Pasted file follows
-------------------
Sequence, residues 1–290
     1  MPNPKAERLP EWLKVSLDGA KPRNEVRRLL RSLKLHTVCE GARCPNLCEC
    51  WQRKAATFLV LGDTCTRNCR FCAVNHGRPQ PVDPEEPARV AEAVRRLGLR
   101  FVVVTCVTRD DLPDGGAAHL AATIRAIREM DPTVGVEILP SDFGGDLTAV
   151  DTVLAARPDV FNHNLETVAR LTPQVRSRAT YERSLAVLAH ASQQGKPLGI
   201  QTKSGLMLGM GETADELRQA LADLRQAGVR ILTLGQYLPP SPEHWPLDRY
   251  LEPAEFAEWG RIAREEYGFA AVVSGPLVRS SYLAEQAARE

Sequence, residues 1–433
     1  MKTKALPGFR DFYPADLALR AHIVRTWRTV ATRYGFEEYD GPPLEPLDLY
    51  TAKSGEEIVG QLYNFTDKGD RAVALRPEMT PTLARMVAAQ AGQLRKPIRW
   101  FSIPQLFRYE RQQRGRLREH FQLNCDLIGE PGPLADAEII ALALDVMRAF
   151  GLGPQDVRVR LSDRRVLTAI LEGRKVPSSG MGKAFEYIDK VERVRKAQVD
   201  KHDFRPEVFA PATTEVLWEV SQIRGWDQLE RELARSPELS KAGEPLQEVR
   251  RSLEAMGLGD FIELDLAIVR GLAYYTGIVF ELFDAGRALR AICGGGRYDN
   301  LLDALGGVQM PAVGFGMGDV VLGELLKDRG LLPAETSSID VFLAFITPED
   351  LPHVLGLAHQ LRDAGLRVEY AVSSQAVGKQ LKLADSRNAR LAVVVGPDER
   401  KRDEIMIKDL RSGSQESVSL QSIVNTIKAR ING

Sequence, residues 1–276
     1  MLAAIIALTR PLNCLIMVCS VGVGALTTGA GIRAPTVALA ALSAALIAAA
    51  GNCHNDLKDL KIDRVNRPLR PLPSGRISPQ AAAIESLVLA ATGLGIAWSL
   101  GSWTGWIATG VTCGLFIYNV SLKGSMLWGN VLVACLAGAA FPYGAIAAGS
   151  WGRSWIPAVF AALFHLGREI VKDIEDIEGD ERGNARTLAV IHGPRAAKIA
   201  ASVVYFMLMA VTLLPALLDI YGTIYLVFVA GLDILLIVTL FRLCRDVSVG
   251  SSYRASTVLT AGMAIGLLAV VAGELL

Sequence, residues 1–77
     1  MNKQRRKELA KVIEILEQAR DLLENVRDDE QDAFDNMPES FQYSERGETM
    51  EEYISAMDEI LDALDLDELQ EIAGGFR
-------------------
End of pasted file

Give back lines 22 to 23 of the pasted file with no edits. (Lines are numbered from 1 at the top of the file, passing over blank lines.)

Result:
   151  WGRSWIPAVF AALFHLGREI VKDIEDIEGD ERGNARTLAV IHGPRAAKIA
   201  ASVVYFMLMA VTLLPALLDI YGTIYLVFVA GLDILLIVTL FRLCRDVSVG